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Hereditary Musculoskeletal Disorders: Osteopetroses

Osteopetrosis is part of a spectrum of diseases characterised by generalised increase in skeletal density. Several forms of osteopetrosis have been described with overlapping clinical and radiographic features.
Two of the main forms of osteopetrosis are the following:

1. Early-onset or precocious form of osteopetrosis is most frequently discovered during the first months of life; it may appear as failure to thrive, malignant hypocalcemia , anaemia with thrombocytopenia, or severe, perhaps overwhelming infection. It generally follows a progressive course leading to death at an early age.

Inheritance is generally autosomal recessive. Rarely, fractures lead to medical attention. Hyperostosis may crowd the marrow cavity, with anaemia and extramedullary hematopoiesis, hepatosplenomegaly, and thrombocytopenia. Anaemia appears to result not from inadequate erythropoiesis but from excessive hemolysis. A defect in macrophage killing of bacteria may account for recurrent infection. Bony encroachment on the optic foramina may lead to optic atrophy and blindness. Hypocalcemia is not uncommon, and serum phosphorus may be low. Serum alkaline phosphatase activity is elevated. Radiographically, the diagnostic findings are a generalised increase in bone density, with defective metaphyseal modelling, and a "bone in bone" appearance most marked in vertebral bodies. Irregular condensation of bone at the metaphyses may produce the appearance of parallel plates of dense bone at the ends of the long bones.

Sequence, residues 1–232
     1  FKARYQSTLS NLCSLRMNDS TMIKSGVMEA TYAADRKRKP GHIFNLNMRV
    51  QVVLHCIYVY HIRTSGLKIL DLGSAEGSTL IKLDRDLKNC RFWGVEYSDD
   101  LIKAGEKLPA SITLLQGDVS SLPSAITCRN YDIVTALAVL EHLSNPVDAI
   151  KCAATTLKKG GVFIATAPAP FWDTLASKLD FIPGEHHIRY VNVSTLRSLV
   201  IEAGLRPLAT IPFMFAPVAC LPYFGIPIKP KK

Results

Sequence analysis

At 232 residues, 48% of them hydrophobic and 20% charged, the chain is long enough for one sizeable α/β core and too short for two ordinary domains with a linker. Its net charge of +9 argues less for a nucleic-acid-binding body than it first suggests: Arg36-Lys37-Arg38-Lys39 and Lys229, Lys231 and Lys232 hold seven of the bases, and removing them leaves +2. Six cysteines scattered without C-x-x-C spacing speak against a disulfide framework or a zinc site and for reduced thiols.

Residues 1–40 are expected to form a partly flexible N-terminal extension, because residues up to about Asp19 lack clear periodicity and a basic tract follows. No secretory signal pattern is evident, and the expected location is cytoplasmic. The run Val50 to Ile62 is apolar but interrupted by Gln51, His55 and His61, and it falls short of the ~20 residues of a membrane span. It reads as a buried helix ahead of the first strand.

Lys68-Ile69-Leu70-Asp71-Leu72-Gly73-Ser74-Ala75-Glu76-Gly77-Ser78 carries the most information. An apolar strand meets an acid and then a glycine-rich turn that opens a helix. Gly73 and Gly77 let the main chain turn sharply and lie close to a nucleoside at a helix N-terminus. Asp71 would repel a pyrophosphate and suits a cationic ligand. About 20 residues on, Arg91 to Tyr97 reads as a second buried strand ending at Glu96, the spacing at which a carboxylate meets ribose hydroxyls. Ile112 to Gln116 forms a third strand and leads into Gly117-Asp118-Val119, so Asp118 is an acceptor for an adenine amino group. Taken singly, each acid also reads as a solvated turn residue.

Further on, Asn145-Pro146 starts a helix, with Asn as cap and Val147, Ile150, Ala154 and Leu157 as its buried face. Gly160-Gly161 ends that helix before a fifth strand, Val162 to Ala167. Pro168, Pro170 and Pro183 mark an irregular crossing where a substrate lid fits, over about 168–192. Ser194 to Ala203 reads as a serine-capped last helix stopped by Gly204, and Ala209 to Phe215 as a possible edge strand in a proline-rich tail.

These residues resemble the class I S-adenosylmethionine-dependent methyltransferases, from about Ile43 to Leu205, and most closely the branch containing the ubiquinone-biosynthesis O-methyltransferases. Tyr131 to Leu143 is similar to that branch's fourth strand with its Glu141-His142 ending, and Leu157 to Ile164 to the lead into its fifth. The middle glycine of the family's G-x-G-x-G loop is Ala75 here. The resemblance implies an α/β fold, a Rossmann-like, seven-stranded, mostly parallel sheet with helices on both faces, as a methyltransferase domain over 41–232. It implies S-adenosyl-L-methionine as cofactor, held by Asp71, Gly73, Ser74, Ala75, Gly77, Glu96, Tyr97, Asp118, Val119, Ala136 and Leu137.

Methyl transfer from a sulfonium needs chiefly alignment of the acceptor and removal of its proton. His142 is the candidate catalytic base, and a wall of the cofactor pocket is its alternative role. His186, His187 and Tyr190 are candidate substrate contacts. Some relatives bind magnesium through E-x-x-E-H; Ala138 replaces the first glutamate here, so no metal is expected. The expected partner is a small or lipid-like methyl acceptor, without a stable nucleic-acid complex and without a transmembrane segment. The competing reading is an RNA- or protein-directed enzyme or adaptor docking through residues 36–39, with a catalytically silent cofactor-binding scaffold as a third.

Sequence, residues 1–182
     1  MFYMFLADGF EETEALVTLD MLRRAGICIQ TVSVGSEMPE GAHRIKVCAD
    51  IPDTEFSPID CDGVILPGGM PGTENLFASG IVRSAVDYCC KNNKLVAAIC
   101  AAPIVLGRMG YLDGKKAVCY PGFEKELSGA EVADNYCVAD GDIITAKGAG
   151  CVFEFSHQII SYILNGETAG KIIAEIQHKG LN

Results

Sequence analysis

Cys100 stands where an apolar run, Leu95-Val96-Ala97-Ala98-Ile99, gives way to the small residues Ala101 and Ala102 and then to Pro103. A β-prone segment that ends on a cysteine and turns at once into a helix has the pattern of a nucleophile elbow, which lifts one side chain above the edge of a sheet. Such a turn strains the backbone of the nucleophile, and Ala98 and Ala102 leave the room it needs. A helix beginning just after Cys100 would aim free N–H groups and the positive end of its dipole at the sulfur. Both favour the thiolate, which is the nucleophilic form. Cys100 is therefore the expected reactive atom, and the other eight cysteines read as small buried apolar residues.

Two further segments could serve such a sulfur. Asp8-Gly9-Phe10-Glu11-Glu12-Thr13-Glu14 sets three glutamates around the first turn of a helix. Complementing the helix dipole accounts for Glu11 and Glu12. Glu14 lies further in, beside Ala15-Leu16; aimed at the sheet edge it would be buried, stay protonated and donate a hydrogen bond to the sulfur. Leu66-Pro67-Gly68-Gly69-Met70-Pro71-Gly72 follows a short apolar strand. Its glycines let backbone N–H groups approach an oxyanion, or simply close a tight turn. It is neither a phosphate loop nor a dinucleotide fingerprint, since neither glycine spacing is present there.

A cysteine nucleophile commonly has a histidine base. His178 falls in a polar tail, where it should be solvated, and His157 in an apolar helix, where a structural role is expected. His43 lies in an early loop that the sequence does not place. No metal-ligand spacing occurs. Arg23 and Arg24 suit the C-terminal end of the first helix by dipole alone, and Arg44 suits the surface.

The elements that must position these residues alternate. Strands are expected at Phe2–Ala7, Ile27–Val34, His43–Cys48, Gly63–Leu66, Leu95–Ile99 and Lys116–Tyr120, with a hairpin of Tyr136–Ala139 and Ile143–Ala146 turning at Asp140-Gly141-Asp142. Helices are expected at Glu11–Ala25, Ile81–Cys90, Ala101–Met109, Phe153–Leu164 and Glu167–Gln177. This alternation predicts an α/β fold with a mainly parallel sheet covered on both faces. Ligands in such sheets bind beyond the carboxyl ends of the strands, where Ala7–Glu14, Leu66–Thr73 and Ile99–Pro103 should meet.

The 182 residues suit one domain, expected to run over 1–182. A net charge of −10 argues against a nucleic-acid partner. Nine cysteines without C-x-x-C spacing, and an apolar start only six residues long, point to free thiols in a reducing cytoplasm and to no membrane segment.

Treatment is aimed at decreasing or arresting progressive hyperostosis, correcting anaemia and thrombocytopenia, and treating infections. A regimen of oral cellulose phosphate, prednisone, and low calcium diet has been reported to be effective in some but not all patients. The prednisone arrests the progression of anaemia Bone marrow transplantation has been reported to be curative in several patients. Generally, the prognosis for survival is poor, and death in the first few months or year from anaemia, bleeding, or overwhelming infection is not uncommon.

2. Osteopetrosis tarda is usually a milder disorder with delayed manifestations and often referred to as Albers-Schonberg disease . This form of osteopetrosis is found in childhood, adolescence, or young adult life because of fractures (about 10% of patients), mild craniofacial disproportion, mild anaemia, complications arising from neurological involvement, or osteitis with osteonecrosis (usually of the mandible). Increased bone density may be discovered incidentally on x- rays.
Most cases appear to represent autosomal dominant inheritance.

Skeletal x- rays show generalised increase in density of cortical bone, with a club-shaped appearance of the long bones due to defective metaphyseal modelling. Over 50% of patients have longitudinal or transverse dense striations at the ends of the long bones. The vertebrae show alternating lucent and dense bands.

Management should be directed at recognition and treatment of complications, with frequent testing of visual fields and acuity and periodic x- rays of the optic foramina. Transfusion and splenectomy may be useful in some patients.

The information in this page is presented in summarised form and has been taken from the following source(s):
1. Vanderbilt University Medical Center, Pediatric Interactive Digital Library: http://www.vanderbiltchildrens.com/


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Osteopetrosis
Albers-Schönberg Disease
Early-Onset Type Osteopetrosis
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Osteopetrosis

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Osteopetrosis
 

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  http://www.hon.ch/Dossier/MotherChild/child_musculoskeletal/muscoskel_osteopetroses.html Last modified: Oct 20 2004